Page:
Last week Celtronic announced a massive catalogue for their upcoming installment in Derry this summer. The party will span across multiple venues in the Northern Irish city and will feature some of the very best that electronic music has to offer, including Roman Flugel and Derry’s own Or:la.

Their full festival lineup announcement will come next weekend when they bring techno selector Dr. Rubinstein over to launch the festival in Glassworks in Derry on the 6th of May. Ahead of the party, representatives of the festival have come out to announce that they will be implementing a ‘No phones on the dancefloor policy’ due to recent controversies across the electronic music community that photography and videography are hampering the atmospheres within clubs and invading the privacy of both club goers and performers alike.

Denis Sulta was recently caught on camera taking someone’s phone straight out of their hand while he was DJing as they began to record him, check it out here:

A spokesperson for the collective expanded on the issue; ‘Since we started Celtronic in 2001, there have been countless memorable moments, sets and performances that will stay with us forever. In this time, there have also been many positive developments in music and technology. However, a development in the scene has been the increased use of camera and phone technology on the dancefloor which can have a negative impact on the atmosphere and can be an invasion of privacy for dancers and performers alike. Following several months of consultation with dancers, artists, musicians and venue owners, we have decided that, in order to protect the privacy of both those that come to dance and those that come to play at Celtronic 2018, we would appreciate if those attending this year’s festival would put their phones away when on the dancefloor.’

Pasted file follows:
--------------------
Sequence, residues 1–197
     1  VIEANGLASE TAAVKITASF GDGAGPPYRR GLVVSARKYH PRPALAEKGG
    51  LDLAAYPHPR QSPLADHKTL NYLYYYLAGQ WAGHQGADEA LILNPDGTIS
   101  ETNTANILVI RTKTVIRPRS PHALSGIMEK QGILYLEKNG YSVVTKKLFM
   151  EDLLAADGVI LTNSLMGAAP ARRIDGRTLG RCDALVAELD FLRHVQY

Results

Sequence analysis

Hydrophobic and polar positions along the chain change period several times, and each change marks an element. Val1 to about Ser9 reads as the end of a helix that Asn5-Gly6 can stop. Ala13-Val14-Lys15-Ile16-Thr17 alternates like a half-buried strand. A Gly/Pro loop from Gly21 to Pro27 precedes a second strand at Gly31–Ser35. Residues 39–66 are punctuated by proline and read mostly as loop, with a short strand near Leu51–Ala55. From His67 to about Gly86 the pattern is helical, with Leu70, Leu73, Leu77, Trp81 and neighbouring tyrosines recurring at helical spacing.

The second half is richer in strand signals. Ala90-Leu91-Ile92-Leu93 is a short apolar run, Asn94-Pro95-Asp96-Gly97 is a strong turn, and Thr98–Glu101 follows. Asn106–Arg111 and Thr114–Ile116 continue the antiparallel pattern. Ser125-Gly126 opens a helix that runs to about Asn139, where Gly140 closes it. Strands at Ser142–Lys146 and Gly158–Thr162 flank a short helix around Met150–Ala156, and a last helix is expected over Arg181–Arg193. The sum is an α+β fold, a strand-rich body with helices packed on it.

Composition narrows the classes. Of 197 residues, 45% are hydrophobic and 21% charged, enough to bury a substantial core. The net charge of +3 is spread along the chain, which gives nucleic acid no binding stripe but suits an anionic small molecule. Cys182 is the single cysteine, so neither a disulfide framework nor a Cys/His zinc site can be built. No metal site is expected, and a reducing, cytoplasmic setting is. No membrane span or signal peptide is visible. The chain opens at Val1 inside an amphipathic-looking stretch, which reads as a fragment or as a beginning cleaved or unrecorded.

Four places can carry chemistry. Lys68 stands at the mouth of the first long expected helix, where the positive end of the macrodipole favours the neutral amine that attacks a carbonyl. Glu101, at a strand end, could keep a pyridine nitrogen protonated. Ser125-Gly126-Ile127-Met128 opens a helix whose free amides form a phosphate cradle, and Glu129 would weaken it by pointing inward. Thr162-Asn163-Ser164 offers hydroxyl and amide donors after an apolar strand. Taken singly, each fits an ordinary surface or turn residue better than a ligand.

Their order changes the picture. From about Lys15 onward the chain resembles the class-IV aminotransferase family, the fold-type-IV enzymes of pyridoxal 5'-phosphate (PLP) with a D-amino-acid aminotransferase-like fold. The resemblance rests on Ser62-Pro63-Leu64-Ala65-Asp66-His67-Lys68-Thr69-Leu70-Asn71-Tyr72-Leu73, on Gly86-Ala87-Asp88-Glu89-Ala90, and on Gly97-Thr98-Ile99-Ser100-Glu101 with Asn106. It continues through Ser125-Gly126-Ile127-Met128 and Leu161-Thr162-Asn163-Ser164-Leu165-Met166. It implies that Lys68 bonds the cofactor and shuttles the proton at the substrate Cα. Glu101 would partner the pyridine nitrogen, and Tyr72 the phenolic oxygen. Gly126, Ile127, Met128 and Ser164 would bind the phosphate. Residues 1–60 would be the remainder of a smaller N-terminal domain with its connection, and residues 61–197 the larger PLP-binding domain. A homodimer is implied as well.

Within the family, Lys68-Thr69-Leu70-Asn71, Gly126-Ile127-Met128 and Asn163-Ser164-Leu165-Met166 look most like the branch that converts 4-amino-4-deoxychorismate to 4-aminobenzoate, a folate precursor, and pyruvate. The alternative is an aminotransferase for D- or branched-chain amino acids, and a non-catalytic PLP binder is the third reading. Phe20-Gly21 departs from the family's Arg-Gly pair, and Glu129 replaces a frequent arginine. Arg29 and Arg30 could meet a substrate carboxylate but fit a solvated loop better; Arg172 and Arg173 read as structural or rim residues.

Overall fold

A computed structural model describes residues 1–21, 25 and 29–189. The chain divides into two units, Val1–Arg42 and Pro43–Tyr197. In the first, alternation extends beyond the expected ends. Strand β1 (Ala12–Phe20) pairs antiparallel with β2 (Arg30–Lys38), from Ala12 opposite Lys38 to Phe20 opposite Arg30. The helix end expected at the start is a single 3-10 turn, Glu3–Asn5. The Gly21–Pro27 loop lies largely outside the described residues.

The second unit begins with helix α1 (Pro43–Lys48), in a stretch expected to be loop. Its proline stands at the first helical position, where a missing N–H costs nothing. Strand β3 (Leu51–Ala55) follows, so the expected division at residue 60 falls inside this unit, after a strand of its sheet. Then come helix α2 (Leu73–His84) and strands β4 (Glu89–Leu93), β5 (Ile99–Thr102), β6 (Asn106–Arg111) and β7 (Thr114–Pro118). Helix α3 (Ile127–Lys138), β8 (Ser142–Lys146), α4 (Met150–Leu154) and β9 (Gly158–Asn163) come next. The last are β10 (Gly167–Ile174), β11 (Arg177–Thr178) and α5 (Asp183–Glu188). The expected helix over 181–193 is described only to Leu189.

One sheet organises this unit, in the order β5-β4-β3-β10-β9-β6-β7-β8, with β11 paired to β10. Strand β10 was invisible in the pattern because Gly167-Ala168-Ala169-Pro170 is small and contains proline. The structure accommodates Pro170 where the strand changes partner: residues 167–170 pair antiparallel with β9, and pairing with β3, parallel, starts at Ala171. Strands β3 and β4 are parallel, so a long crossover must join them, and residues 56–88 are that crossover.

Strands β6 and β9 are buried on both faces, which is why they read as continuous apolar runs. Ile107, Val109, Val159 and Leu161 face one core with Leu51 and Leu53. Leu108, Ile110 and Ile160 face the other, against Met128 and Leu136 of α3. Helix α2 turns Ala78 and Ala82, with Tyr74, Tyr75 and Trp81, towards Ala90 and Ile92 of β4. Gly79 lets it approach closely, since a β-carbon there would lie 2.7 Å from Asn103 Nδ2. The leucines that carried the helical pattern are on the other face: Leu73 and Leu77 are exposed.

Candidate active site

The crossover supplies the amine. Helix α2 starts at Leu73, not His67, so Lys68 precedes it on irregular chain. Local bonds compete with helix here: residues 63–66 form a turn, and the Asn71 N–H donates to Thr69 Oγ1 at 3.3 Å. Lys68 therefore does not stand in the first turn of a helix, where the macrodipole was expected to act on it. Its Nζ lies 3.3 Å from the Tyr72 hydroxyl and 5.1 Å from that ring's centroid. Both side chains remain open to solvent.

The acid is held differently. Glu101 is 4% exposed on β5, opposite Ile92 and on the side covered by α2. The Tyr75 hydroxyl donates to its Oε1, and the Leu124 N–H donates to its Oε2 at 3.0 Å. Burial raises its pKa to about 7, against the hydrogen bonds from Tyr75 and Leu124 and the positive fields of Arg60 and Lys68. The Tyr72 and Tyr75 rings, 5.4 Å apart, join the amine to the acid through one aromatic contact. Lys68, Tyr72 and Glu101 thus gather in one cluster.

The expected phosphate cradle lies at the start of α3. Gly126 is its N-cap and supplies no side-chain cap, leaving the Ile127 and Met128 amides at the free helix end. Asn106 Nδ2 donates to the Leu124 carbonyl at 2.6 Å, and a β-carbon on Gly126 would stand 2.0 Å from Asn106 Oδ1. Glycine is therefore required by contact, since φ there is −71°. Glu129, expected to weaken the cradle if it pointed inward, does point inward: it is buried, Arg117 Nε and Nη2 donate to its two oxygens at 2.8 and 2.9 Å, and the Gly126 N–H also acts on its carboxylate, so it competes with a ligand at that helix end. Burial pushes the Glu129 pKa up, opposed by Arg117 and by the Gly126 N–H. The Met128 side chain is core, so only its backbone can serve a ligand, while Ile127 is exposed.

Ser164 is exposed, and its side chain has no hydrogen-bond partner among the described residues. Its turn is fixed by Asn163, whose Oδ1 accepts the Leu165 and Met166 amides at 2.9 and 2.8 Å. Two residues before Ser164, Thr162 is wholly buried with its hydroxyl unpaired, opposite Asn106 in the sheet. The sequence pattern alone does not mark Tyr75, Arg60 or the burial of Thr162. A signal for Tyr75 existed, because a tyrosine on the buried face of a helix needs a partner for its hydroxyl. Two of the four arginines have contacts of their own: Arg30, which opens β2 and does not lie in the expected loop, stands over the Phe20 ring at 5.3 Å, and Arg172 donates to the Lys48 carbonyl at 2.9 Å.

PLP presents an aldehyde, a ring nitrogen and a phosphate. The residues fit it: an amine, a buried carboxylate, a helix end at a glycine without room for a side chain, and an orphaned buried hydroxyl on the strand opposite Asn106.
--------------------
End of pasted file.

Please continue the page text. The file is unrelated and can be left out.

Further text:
The step is definitely one taken with music as the main focus as they went onto explain that the festival’s own photographers and videographers will not be allowed to record the dancefloors either; ‘The dancefloor should be a place for dancing where you can be yourself, where dancers of all backgrounds, genders and sexual orientation are free to connect fully to the music and each other without fear of being captured on camera. While not a relatively new or unique idea (clubs in mainland Europe have been leading the way on this in recent years), we feel the time is right for a phone free dancefloor policy to be introduced at our festival/events. This initiative also applies to ourselves as promoters and event organisers. For the first time our in-house photographer and videographer will not photograph or film the dancefloor and will be tasked with finding alternative methods of documenting the festival.’

You can find out more about Celtronic via their Facebook page here.

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